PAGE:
Marching Towards Justice: Community Organising and the Salvation Army

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The Salvation Army is celebrating its 150th anniversary with a series of events in east London. Timed to coincide with the celebrations, CTC has published a new resource for salvationists and others – Marching Towards Justice: Community Organising and The Salvation Army. Here, co-authors Lieutenant John Clifton and Major Nick Coke give a taste of how they’re learning from history to fight for justice in the 21st Century…

One of the joys of being a Salvationist is the attachment we have to the heroic stories of the past. Our imaginations become absorbed with the end of the nineteenth century, when the giants of Salvationism roamed the earth. Their names set our hearts ablaze – General Booth, The Army Mother, Elijah Cadman, Elizabeth Cottrill… The places they walked evoke an air of adventure – the East End of London, Mile End Waste, The Blind Beggar Pub, The Quaker Burial Ground. Even their activities conjure up a feeling of suspense and excitement – The Maiden Tribute, Lights in Darkest England, The Whitechapel Elevator, and the Slum Sisters. These stories have become a part of us – the air we breathe.

Nick with the statue of William Booth, co-founder of the Salvation Army.

Nick with the statue of William Booth, co-founder of the Salvation Army.

The Salvation Army has an inspiring and vibrant past but it counts for little if we do not allow it to shape our practice today. In this anniversary year we are keen to highlight the lessons we’ve learned from the great names of the past. The tools they used to bring huge social change remain at our disposal today and we have found that using them can help our corps to begin to make similar strides towards justice in their local areas.

These can be summarised as follows:


At the very heart of Salvationist practice is visitation. By this, in accordance with Salvation Army Orders and Regulations for Officers, we mean, “personal contact with people… where they are to be found, with a view to furthering their spiritual interests.” In order to do this, a visit takes the form of spending 30-45 minutes with someone.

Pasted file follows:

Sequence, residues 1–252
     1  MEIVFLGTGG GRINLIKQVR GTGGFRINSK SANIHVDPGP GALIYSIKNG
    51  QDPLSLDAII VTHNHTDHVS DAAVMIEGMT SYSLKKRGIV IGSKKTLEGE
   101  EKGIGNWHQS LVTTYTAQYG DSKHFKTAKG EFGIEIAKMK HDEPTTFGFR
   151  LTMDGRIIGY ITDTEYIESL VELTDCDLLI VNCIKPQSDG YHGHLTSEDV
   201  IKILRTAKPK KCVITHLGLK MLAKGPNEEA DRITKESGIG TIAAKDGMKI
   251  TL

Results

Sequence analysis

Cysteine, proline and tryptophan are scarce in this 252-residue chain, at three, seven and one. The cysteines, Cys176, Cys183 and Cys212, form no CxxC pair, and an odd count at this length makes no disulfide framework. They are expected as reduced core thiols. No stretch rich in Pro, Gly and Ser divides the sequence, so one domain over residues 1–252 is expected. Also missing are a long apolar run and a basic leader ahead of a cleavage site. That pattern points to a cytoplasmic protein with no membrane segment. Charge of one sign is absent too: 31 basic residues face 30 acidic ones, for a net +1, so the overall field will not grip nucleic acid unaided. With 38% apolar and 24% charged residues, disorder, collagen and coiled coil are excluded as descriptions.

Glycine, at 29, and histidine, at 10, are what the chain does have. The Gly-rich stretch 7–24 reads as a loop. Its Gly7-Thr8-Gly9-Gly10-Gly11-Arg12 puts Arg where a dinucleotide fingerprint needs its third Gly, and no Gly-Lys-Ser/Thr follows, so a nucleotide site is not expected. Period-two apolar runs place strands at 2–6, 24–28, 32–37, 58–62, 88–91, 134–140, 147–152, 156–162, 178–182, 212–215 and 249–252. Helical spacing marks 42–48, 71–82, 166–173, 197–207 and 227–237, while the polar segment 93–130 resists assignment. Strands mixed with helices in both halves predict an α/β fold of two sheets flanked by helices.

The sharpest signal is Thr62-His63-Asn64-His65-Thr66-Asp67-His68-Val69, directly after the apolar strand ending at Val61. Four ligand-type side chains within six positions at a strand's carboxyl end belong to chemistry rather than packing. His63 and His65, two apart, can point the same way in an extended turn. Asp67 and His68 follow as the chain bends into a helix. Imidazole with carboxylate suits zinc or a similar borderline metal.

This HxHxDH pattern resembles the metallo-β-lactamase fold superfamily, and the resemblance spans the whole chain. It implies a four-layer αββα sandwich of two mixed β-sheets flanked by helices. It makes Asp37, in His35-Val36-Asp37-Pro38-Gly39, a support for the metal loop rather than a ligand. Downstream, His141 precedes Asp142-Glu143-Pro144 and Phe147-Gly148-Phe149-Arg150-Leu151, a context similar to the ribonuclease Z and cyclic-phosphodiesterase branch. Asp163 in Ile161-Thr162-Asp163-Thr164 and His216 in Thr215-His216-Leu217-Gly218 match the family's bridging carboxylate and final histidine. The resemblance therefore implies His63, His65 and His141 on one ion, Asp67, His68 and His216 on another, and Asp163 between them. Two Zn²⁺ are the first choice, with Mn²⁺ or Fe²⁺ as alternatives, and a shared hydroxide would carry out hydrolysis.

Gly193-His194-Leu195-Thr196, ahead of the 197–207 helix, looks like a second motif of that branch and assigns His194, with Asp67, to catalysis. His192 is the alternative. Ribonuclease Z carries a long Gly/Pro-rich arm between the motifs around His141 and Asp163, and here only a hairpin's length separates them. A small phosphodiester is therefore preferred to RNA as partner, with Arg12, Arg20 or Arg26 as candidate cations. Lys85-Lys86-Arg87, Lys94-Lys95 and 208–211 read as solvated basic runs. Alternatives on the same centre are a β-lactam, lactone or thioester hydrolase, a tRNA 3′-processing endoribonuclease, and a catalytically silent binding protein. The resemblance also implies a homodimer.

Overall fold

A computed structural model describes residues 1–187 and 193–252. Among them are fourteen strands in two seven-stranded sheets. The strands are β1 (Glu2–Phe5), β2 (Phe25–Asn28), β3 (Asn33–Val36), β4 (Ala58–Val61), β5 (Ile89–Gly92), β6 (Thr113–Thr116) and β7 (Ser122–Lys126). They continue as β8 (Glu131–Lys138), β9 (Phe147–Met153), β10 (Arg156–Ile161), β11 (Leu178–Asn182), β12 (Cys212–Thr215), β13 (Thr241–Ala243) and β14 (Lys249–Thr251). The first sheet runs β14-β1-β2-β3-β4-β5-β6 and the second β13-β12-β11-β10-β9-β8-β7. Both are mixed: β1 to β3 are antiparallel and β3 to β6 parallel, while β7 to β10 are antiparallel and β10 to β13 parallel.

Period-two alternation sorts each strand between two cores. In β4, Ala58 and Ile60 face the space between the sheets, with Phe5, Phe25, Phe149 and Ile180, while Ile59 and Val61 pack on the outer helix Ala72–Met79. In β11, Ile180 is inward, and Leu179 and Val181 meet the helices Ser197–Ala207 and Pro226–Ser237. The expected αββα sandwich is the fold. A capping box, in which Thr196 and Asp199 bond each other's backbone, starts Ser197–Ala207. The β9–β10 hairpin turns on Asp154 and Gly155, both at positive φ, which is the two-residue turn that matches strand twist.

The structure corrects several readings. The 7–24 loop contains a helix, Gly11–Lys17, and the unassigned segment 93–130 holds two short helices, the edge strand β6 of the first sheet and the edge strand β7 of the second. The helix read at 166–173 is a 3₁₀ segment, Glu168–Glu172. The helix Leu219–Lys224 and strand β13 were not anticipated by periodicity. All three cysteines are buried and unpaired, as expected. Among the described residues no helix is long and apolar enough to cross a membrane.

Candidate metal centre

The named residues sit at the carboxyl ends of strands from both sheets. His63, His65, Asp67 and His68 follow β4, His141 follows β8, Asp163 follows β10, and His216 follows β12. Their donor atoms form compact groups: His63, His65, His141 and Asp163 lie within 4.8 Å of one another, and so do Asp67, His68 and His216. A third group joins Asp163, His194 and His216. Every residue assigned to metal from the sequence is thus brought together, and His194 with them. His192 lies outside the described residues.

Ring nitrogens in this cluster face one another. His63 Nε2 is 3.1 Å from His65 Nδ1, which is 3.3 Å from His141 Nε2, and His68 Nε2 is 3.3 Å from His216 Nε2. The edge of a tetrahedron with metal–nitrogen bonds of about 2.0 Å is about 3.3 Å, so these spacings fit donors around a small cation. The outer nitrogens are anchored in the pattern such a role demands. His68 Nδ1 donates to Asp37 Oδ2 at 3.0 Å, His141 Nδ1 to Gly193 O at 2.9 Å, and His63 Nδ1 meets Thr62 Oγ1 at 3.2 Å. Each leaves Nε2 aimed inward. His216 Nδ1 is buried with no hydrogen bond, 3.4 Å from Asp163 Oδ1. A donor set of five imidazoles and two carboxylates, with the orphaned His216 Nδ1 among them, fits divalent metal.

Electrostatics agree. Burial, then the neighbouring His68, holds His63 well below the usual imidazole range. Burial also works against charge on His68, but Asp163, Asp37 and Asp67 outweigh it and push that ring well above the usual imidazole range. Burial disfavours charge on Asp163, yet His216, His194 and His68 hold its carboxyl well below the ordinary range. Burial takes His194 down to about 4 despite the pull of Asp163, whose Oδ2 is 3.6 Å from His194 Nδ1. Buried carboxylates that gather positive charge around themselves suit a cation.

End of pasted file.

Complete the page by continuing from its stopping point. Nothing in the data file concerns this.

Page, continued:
A ‘power analysis’ is effectively a map of the relationships within an institution, and also a map of how a given institution interacts with other institutions. It gives us a basic understanding of which leaders have followings and influence, how they relate to one another, who determines what decisions are made and how money is spent.


Training of this kind teaches people how to develop strong, trust-based relationships through the techniques of visitation described above. It teaches people how to hold effective public meetings, which keep to time. It teaches people how to carry out ‘power analyses’ and identify allies. This sort of training teaches people how to create and sustain a relational organisation rather than a bureaucratic one.

Co-author Major Kerry Coke at the launch of the statue for Catherine Booth

Co-author Major Kerry Coke at the launch of the statue for Catherine Booth


Public actions necessarily involve an element of the prophetic, in the sense that they creatively call people to a more just way of doing things. They should involve people as much as possible. For example, at a recent action, participants were told to come wearing caps as they were asking for a cap on interest rates charged by payday lenders. The action should be fun, so that people enjoy what they are doing. It’s important to laugh! Actions should be creative in order to get the attention of bystanders, the media and the ‘target.’ They should be personally focussed, for example, targeting a named person who has the power to make change rather than just a building or organisation. They should involve confrontation, in that they seek to come face-to-face with the targeted person.


Using these tools gives us a real chance of emulating those great heroes of the past and seeing justice done in our time. We need to learn from one another and to see how we can offer mutual support as a Salvation Army family working together. It’s important to be realistic. Struggles are an inevitable part of the journey and the trajectory is not always upwards. In conclusion, we challenge you to action! In the words of Catherine Booth, “If we are to better the future, we must disturb the present.”

One Response to Marching Towards Justice: Community Organising and the Salvation Army

  1. Pingback: Joining the dots – global and local justice-seeking | The Match Factory

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